As millions and millions of federal dollars stuff local coffers, where will it all be spent?

by | Aug 2, 2021

The federal government has handed out a staggering amount of money across the country to assist in the economic recovery from the pandemic. Florida cities and counties have received millions and millions of dollars, leaving some to ask what can it be spent on and is there any oversight.

The $2 trillion American Recovery Act included $350 billion in federal funds which were broken down into $195 billion earmarked for states and the District of Columbia; $65 billion for counties; $45.6 billion for 142 metropolitan cities; $20 billion for tribal governments; and $19.5 billion for smaller local governments that are not counties, generally with populations of fewer than 50,000.

Florida’s share was $8.8 billion, with local governments receiving anywhere from a paltry $1.6 million to the City of Destin to over $527 million to Miami-Dade County. These funds make up a substantial increase to these local government coffers. For instance, the City of Miami received a whopping $137,639,417.00, which is close to 10 percent of the city’s $1,354,678,000 2021-22 Proposed Operating Budget. A full list of money received by cities is here  and counties here.

According to the U.S. Treasury’s interim final rule to implement the Coronavirus State Fiscal Recovery Fund and the Coronavirus Local Fiscal Recovery Fund established under the American Rescue Plan Act, the federal funds can be used to cover costs incurred during the period beginning March 3, 2021, and ending December 31, 2024 in responding to the public health emergency or its negative economic impacts, for any of the following litany of purposes.

Funds can be used for the mitigation and prevention of COVID-19, including expenses related to COVID-19 vaccination programs and sites, including staffing, acquisition of equipment or supplies, facilities costs, and information technology or other administrative expenses.

Funds can also be used for pandemic-related expenses of public hospitals, clinics, and congregate living facilities, such as skilled nursing facilities, long-term care facilities, incarceration settings, homeless shelters, residential foster care facilities, residential behavioral health treatment, and other group living facilities.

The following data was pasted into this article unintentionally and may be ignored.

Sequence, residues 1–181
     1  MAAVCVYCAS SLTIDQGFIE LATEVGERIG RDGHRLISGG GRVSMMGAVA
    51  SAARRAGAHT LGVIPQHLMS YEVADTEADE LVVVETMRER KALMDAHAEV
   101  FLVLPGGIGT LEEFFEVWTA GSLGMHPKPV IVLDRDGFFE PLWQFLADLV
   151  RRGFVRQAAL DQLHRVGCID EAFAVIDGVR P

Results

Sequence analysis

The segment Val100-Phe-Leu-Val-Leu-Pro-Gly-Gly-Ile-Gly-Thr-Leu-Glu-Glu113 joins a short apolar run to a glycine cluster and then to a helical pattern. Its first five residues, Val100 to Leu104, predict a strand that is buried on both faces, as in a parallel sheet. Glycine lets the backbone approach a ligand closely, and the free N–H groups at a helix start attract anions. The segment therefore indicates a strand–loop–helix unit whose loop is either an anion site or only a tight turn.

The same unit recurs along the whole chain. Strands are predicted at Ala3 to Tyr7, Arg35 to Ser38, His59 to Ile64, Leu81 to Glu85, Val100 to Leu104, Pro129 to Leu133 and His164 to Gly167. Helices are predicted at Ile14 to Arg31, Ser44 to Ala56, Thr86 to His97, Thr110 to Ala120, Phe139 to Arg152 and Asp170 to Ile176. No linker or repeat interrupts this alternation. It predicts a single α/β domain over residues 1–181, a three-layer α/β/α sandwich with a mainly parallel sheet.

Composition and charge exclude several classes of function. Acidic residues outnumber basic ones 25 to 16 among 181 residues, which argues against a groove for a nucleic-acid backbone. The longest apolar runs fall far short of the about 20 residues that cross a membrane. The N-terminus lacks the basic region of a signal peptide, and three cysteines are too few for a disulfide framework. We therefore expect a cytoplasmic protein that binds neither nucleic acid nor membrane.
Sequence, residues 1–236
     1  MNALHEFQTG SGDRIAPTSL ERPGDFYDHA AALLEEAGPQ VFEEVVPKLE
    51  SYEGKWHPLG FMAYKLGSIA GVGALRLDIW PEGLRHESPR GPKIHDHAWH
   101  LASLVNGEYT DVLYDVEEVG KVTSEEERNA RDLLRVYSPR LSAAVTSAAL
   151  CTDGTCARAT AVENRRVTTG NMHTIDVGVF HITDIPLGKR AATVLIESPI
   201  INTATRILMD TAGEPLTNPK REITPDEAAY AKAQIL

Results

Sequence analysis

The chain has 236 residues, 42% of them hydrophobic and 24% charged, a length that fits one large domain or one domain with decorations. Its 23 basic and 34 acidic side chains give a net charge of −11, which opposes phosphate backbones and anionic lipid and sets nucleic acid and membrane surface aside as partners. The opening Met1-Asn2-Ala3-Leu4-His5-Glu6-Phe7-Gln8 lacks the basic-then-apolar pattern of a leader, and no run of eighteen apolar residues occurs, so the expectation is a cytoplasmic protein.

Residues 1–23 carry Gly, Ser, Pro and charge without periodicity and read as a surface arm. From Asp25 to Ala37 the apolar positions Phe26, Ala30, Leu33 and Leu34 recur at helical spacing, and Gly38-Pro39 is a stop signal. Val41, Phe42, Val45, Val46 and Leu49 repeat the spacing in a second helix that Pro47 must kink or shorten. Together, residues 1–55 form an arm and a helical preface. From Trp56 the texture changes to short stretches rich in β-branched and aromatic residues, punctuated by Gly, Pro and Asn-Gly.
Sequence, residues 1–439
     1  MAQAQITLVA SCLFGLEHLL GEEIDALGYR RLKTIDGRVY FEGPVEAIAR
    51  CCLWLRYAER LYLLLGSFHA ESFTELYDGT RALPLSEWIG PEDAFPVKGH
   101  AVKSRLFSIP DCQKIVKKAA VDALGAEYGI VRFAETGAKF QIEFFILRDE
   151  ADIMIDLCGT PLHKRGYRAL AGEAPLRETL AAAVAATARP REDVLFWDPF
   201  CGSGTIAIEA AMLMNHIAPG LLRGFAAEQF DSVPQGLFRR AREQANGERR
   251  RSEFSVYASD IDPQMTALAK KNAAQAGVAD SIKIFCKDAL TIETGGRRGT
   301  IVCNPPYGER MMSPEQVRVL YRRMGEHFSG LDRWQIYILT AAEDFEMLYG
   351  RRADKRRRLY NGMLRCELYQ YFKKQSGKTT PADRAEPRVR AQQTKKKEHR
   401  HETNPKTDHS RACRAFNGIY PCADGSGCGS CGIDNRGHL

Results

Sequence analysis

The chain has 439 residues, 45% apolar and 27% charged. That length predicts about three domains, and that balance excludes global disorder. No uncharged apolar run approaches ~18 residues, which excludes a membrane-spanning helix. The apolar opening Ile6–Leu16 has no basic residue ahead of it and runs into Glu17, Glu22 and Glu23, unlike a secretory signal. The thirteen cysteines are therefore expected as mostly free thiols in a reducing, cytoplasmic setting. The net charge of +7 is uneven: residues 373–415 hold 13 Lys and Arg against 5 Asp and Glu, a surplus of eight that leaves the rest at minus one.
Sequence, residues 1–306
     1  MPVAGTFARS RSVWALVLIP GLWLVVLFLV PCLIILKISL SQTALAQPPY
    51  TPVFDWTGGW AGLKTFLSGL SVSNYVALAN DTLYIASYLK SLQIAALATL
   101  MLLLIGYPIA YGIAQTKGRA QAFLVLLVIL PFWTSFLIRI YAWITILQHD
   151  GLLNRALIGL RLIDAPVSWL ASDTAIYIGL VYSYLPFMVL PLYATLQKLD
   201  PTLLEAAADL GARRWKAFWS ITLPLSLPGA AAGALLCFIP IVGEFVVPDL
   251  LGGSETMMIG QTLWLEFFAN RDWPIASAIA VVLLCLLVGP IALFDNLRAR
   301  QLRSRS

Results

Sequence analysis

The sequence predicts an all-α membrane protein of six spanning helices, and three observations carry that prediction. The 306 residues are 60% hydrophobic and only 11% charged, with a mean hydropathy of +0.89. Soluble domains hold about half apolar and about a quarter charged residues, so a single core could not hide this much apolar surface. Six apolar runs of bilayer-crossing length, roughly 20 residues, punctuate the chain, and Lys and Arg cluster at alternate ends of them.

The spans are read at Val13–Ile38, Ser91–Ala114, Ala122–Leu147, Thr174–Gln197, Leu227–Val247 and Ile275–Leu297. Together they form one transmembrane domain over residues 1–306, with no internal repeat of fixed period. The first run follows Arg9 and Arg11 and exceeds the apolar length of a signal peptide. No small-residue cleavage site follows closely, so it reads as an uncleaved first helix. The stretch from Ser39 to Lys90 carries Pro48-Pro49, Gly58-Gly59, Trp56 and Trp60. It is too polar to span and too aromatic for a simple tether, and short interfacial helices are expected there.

It will even allow providing paid sick and paid family and medical leave to public employees to enable compliance with COVID-19 public health precautions and the expenses for treatment of the long-term COVID symptoms or effects, including post-intensive care syndrome.

The funds can also be used for mental health treatment, substance misuse treatment, and other behavioral health services needed because of the pandemic.

The money can also be used to hire public health and safety staff as week as state and local government staff mitigating or responding to the COVID-19 public health emergency.

The funds can be used for assistance to unemployed workers for programs such as job training.

Also allowed are contributions to State unemployment insurance trust funds to boost it up to the pre-pandemic level.

Local governments can give assistance to small businesses, impacted industries (like tourism, travel and hospitality) and nonprofits, including loans, grants, in-kind assistance, technical assistance or other services, that responds to the negative economic impacts of the COVID-19 public health emergency.
They can even provide assistance to households, including cash assistance programs and survivor’s benefits for family members of individuals who have died from COVID-19.

The money can also be used for assistance for households, businesses, or populations disproportionately impacted by the pandemic, including minorities, the homeless, and the economically disadvantaged. It can be used for housing vouchers and assistance relocating to neighborhoods with higher levels of economic opportunity and to reduce concentrated areas of low economic opportunity;

It can also be used for education, including new or expanded early learning services, assistance to high-poverty school districts to advance “equitable funding across districts” and educational services to “address the academic, social, emotional, and mental health needs of students.”

It can also be used for childcare, welfare and social services.

The funds can be used to improve infrastructure, especially for water and sewer infrastructure and expanding broadband infrastructure.

What the funds can’t be used for is a much smaller list. It cannot be used for spending that would “either directly or indirectly offset a reduction in the net tax revenue” or delay the imposition of any tax or tax increase. It also cannot be used to stabilize pension funds.

As far as oversight, local governments receiving ARA funds must provide to the U.S. Secretary of the Treasury annual reports, providing detailed accounting of the uses of funds, all modifications to the State’s tax revenue sources, and any other required information.

The first accounting of how Florida’s cities and counties are spending their millions in federal funding doled out in May are due to the U.S. Treasury by the end of August and will cover May through July 31. The next reports will be due a year from now. All money is to be spent by the end of 2024.


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